The village of Hallstatt, with its narrow and often steep streets, gave its name to one of the most important eras of prehistory. Some 2,000 graves of prehistoric people, half of them cremated, have been excavated in the area, which Austrians refer to as a "cradle of civilization." Many of the artifacts excavated here dating from Neolithic times are displayed in the Prähistorisches Museum, Seestrasse 56 (tel. 06134/828015). The cremation graves have revealed artifacts that indicated the existence of a ruling class. Apparently the burials continued to about 350 B.C., the late Iron Age. The museum is open May to September daily 10am to 6pm, October and April daily 10am to 4pm, and November to March Monday and Tuesday 11am to 3pm. Admission is 8€ ($13) for adults and 4€ ($6.40) for children.
The center of this beautifully situated village, with views of the Dachstein mountain massif, is the Marktplatz (Market Square), which contains some 16th-century buildings.
You can visit the Pfarrkirche (Parish Church), which is situated within a churchyard bordering the dark waters of the lake. The house of worship is a large structure from the latter part of the 15th century. Visitors can also go to the Chapel of St. Michael, a Gothic church next to the parish church. The cemetery was so small that this karner (charnel house or bone house) had to be used as a burial site starting in the 17th century.
The Salt Mines in Salzburg
Northwest of Hallstatt is one of the most distinctive geological formations in the region, Salzwelten/Hallstatt (tel. 06134/8251; www.salzwelten.at), which is not to be confused with Salzburg, the city. Miners have been hauling vast quantities of salt out of the mountain for centuries; the mines are still active and visitors can tour them to get insight into the amount of work needed to create and run a modern mine. Teams of archaeologists have accumulated many rare objects from the debris left by former miners.
To reach Salt Mountain from Hallstatt, take an uphill ride on the cable car that departs from the western suburb of Lahn, a 5-minute walk from Hallstatt's railway station. In May and from mid-September to mid-October, the funicular runs daily from 9am to 4:30pm; from June to mid-September, it runs daily from 9am to 6pm. The only way you can visit the mines is as part of a guided tour, which is 22€ ($35) for adults, 13€ ($21) for children ages 7 to 15, and 11€ ($18) for children ages 4 to 6; children under 4 are not admitted. The price includes round-trip transfers on the funicular. From May 1 to May 24 and from mid-September to late October, tours are conducted daily at frequent intervals, from 9:30am to 3pm. From May 25 to September 13, tours are conducted daily from 9:30am to 4:30pm. The mines are closed from late October to April 13. Although tours of the mines take only 50 minutes, you should allow 2 1/2 hours for the full experience.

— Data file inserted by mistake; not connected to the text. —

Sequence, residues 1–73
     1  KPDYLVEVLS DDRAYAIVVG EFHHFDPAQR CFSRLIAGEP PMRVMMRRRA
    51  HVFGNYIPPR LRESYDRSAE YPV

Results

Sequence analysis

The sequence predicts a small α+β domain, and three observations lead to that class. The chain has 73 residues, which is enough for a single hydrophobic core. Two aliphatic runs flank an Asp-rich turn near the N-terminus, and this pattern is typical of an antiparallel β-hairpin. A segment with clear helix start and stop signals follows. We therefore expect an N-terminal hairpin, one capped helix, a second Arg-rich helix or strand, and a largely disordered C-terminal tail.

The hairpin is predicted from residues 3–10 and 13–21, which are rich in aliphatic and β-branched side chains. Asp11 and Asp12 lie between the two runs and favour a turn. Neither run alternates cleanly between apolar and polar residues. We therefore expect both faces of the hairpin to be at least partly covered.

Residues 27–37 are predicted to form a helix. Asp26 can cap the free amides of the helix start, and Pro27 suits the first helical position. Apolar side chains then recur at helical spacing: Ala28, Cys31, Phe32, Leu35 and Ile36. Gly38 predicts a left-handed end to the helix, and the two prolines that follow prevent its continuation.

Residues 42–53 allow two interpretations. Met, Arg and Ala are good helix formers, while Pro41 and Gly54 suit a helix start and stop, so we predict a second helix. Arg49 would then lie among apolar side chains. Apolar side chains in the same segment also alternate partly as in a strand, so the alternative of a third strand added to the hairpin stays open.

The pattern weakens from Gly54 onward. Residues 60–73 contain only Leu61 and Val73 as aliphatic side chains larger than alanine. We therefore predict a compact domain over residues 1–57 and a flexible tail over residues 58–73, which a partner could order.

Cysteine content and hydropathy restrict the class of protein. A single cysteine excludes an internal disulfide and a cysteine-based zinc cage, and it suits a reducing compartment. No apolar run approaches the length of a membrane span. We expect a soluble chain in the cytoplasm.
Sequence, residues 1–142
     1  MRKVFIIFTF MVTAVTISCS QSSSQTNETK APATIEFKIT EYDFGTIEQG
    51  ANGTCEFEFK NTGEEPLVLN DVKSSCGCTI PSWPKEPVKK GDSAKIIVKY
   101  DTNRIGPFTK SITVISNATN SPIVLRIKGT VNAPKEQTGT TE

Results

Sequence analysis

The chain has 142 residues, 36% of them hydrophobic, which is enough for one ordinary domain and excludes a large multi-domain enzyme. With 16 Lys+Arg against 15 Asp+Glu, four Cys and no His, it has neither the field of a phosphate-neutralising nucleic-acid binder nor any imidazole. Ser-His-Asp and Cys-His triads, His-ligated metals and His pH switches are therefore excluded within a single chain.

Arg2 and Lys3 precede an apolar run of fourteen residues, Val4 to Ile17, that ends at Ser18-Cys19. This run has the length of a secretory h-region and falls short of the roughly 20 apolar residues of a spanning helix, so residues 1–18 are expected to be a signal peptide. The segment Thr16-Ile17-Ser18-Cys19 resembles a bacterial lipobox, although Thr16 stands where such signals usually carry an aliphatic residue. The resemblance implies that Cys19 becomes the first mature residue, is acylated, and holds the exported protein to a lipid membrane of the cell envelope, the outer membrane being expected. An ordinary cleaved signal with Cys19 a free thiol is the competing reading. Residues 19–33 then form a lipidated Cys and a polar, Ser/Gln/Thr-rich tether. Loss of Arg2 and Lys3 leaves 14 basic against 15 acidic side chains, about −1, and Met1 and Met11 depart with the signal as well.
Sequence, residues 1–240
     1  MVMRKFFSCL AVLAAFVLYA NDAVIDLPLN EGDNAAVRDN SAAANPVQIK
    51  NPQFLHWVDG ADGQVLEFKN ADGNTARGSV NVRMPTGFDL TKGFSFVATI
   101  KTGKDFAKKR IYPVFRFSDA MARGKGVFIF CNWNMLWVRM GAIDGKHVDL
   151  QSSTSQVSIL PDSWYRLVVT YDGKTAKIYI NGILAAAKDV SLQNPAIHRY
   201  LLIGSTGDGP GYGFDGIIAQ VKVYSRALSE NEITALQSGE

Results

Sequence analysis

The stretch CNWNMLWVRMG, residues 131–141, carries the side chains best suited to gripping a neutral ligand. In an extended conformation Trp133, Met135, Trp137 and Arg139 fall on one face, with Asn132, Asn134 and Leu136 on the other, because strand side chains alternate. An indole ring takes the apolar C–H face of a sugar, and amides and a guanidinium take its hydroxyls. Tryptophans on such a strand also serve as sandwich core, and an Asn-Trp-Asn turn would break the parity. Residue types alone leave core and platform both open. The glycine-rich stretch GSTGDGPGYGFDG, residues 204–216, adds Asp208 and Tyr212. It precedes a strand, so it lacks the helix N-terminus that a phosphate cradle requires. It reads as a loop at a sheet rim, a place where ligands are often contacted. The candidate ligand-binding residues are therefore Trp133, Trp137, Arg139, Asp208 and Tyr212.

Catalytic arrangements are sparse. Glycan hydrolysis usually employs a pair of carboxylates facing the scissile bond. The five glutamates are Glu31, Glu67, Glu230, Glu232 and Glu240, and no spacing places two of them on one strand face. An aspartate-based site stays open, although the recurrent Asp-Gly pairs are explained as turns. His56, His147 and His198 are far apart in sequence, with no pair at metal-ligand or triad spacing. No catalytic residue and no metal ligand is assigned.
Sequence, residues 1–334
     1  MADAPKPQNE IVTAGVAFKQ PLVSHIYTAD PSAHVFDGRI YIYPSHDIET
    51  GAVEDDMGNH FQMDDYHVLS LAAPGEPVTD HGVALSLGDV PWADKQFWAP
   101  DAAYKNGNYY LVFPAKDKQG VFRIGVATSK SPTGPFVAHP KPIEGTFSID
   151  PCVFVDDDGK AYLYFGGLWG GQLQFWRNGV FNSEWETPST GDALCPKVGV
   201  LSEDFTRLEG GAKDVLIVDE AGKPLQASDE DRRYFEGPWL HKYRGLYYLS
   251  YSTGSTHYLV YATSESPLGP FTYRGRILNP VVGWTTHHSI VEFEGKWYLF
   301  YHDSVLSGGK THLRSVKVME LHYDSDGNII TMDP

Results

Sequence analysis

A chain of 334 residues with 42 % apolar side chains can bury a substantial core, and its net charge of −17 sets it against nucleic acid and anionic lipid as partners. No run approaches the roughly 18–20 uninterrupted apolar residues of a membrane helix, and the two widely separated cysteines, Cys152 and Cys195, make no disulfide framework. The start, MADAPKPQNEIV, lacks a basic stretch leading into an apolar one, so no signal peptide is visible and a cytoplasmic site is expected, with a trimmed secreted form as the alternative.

There's a restaurant and snack bar with a terrace and a belvedere for taking in the view. Hikers can go all the way from here to the Iron Age cemetery, an approximately 1 1/2-hour trip. If you ask, the tourist office will outline a series of hikes in the area. One that goes along the Echerntal to Waldbachstrub, at the top of the valley, has lovely waterfalls along the way. You can also climb to the Tiergartenhütte, which has a small inn, and on to the Wiesberghaus, 1,885m (6,184 ft.). After that, only the hardy continue to the Simony-Hüttee at 2,205m (7,235 ft.), where there's another small inn lying at the foot of the Hallstatt Glacier. From Simony-Hüttee, mountain climbers can summit the Hoher Dachstein, the loftiest peak in the massif (2,995m/9,826 ft.); the climb takes 3 1/2 hours.
The Dachstein Ice Caves, Dachstein Bahn, A-4831 Obertraun, are among the most spectacular natural sights of Upper Austria. To reach them, drive to Obertraun, 6km (3 3/4 miles) east of Hallstatt, where a sign in the vicinity will direct you to the lower station of the cableway that takes you to the caves. The cableway deposits you at the intermediate platform (1,351m/4,432 ft.) on the Schönbergalm. From here, it's about a 20-minute walk to the entrance to the caves. A round-trip ticket costs 14€ ($22) for adults and 7.70€ ($12) for children.